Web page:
The architect of the unique sound of AC/DC has died after a battle with dementia.
In 2003, Malcolm Young told the Rock & Roll Hall of Fame that the secret to his group’s phenomenal success was that they were “determined to never change what we do”.
To change the sound they created in the 1970s was a betrayal of their fans and themselves, he said. And holding the line as a rhythm guitarist was Malcolm’s great gift to the world.
Malcolm Mitchell Young was born in Scotland on January 6, 1953, the seventh of eight children. The family moved to Australia when Malcolm was 10 and shortly thereafter, elder brother George formed the Easybeats.
Following his example, Malcolm too picked up the guitar and a Chuck Berry songbook. By the age of 19 Malcolm was in an unfortunately named Newcastle band The Velvet Underground and had quit his job in a bra factory.
Then in 1973 he persuaded his younger brother Angus to join him in AC/DC. The following year they were playing and starting to make a name for themselves.
In February 1975, High Voltage, the first AC/DC album, appeared. The modus operandi with Malcolm working closely with George created the signature AC/DC sound – elemental, raw guitar riffs and a relentless rhythm section.
While Angus played the showman out the front of the group and wore the schoolboy outfit while rolling around on the ground, it was Malcolm at the back who steered the ship.
“Mal’s always been one to come up with melody ideas,” Angus told Revolver. “I’m a bit rough and raucous – I go for the rhythmic things – but Malcolm will dial in a melody, and likes to get it so it’s all hooking together and feels right.”
Former bassist Mark Evans once described Malcolm as the “driven one … the planner, the schemer, ruthless and astute”.
Scottish and stoic, Malcolm Young had no great desire for the spotlight. He felt uncomfortable in interviews and hid behind his lanky, long hair.
For someone who had sold more than 110 million albums and played to the biggest audiences in history, Malcolm was a humble man.
He was regarded as the architect of the band’s sound and their staunchness to their image. Almost all of the band’s records were a slight improvement on its predecessor.
The themes and the sound remained the same but the audience grew, the promotion was extended as the production improved.
The arrival of Robert “Mutt” Lange on the Highway to Hell album (1979) put AC/DC in the box seat to break the charts globally.
In the mid-1970s, AC/DC relocated from Sydney to London, on the cusp of the punk rock era. While the group never fitted into that movement their no-nonsense working-class belligerence and wit made them fellow travellers.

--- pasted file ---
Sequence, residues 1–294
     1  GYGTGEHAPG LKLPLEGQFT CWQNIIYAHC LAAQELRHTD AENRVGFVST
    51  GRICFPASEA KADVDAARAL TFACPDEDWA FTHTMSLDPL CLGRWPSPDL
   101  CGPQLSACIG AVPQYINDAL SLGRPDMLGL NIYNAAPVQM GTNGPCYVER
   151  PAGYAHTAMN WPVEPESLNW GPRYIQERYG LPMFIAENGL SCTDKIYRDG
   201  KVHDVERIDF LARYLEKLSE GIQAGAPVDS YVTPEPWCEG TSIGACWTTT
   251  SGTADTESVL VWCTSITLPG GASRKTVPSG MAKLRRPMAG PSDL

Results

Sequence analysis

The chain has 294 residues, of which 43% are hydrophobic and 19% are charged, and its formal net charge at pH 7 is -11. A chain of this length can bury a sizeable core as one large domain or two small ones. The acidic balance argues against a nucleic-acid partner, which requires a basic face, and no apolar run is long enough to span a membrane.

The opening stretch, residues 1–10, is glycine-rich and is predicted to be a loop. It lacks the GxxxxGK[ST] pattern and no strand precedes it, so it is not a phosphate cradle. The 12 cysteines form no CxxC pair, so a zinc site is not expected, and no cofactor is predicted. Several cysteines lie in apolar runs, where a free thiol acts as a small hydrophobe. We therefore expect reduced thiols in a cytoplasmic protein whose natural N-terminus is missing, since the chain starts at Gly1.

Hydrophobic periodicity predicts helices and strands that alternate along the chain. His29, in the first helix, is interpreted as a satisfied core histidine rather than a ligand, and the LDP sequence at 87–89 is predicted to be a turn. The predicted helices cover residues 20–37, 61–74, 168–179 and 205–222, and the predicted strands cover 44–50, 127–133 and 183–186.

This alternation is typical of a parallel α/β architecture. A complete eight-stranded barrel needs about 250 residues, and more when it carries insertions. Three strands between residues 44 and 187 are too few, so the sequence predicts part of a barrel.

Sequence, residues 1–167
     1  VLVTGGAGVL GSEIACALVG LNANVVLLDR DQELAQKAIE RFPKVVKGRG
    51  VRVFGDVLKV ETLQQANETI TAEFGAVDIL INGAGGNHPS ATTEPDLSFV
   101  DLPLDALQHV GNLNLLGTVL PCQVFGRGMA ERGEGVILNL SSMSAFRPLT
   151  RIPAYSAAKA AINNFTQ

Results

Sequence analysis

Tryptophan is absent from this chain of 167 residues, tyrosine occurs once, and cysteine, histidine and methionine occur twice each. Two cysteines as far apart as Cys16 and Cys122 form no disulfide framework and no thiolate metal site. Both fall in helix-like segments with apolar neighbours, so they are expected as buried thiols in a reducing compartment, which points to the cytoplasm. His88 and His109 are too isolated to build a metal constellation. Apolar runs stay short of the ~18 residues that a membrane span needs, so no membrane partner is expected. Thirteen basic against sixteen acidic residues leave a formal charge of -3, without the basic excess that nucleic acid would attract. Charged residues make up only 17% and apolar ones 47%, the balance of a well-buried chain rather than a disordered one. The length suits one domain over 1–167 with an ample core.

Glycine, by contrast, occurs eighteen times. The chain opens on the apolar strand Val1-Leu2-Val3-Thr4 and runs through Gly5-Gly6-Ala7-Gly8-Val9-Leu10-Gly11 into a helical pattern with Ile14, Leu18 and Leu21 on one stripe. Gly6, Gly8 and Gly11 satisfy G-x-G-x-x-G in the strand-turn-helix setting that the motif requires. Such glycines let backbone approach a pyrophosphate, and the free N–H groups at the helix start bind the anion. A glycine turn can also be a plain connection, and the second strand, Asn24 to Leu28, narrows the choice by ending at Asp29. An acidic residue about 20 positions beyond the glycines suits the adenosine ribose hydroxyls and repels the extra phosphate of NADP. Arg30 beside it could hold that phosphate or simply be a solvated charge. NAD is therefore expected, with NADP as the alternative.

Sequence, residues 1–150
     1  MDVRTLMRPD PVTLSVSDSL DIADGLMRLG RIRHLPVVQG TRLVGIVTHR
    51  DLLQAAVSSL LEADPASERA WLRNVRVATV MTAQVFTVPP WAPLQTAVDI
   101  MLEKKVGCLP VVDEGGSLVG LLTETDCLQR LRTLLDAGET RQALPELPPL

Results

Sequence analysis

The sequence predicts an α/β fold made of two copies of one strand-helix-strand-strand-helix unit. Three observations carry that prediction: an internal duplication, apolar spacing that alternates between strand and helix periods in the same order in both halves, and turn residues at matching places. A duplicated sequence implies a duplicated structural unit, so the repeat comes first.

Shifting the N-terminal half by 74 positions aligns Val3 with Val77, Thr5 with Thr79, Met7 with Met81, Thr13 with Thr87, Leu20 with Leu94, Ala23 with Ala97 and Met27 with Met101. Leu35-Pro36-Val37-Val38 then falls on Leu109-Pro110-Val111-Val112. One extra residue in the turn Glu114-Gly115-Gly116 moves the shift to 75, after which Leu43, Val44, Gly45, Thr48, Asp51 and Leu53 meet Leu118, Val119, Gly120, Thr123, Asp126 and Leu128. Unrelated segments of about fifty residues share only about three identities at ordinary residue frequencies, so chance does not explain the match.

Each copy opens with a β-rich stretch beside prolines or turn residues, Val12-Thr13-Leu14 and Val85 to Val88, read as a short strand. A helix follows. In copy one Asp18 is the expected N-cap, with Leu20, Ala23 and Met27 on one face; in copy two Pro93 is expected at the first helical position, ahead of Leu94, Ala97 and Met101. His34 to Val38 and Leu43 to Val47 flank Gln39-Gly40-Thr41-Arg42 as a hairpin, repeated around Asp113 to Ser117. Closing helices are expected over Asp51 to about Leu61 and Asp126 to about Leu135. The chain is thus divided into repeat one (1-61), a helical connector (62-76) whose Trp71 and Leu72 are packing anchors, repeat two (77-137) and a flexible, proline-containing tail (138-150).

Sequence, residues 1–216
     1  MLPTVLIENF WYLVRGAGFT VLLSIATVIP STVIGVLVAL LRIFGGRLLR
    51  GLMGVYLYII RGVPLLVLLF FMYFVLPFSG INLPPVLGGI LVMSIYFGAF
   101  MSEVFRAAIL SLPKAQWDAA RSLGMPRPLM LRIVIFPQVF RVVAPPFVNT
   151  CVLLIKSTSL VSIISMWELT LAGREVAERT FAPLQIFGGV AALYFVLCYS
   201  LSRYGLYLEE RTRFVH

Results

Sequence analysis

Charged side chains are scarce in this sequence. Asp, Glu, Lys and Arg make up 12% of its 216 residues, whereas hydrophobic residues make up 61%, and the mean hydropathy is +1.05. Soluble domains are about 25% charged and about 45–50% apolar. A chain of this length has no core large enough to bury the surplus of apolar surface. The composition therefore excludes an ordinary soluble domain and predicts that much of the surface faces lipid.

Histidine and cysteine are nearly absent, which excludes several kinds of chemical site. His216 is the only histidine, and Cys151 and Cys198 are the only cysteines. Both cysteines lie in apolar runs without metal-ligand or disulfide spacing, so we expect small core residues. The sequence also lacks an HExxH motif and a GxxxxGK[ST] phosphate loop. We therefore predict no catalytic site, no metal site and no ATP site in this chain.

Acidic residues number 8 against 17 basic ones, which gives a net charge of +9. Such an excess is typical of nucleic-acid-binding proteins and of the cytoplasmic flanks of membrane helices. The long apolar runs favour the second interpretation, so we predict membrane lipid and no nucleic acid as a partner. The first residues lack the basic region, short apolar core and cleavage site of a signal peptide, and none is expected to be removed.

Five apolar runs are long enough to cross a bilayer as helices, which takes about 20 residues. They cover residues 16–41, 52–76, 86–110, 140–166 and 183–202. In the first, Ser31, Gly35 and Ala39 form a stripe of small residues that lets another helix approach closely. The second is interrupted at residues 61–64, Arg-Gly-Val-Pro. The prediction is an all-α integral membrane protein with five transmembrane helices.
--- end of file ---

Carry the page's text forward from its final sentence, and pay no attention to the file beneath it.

For the next five years the group gradually built an audience in Australia, the US and Europe. On the verge of success, singer Bon Scott died as a consequence of substance abuse.
The band’s post-Bon album Back in Black in 1980 sold 50 million copies – one of the top five of all time.
In six years AC/DC had gone from playing to 200 at the Bondi Lifesaver to one of the biggest acts in the world. Angus eventually moved with his Dutch wife to live in the Netherlands while Malcolm settled down in Sydney’s inner-west.
But fame didn’t sit easily with Malcolm and alcohol became an increasing problem.
“My drinking became my whole thing. I thought am I Dr Jekyll or Mr Hyde,” he said.
In 1988, he left the band temporarily and was replaced by nephew Stevie Young. With the help of AA, Malcolm sobered up and returned to the band for their comeback album The Razor’s Edge.
Malcolm remained in his pivotal position within the band until the Black Ice album and the 2010 world tour that followed. That jaunt played to five million people across the planet.
The dreaded signs of dementia crept in on that tour. The illness progressed to the point where Malcolm was replaced by Stevie Young on 2014’s Rock Or Bust.
By the time that tour kicked off in 2015, Malcolm had moved to assisted care, sharing his sunroom with ex-prime ministers, premiers and Harry M Miller.
Meanwhile, singer Brian Johnson was forced to quit the last tour for medical reasons, bass player Cliff Williams left for personal reasons and long-time drummer Phil Rudd was in serious criminal legal strife in New Zealand.
In October 2017, George Young died. On November 18, Malcolm Young followed.
He is survived by his wife Linda, children Cara and Ross, son-in-law Josh, three grandchildren and his sister and brother.
Angus Young summed up the loss of Malcolm in AC/DC’s official statement: “Malcolm, job well done.”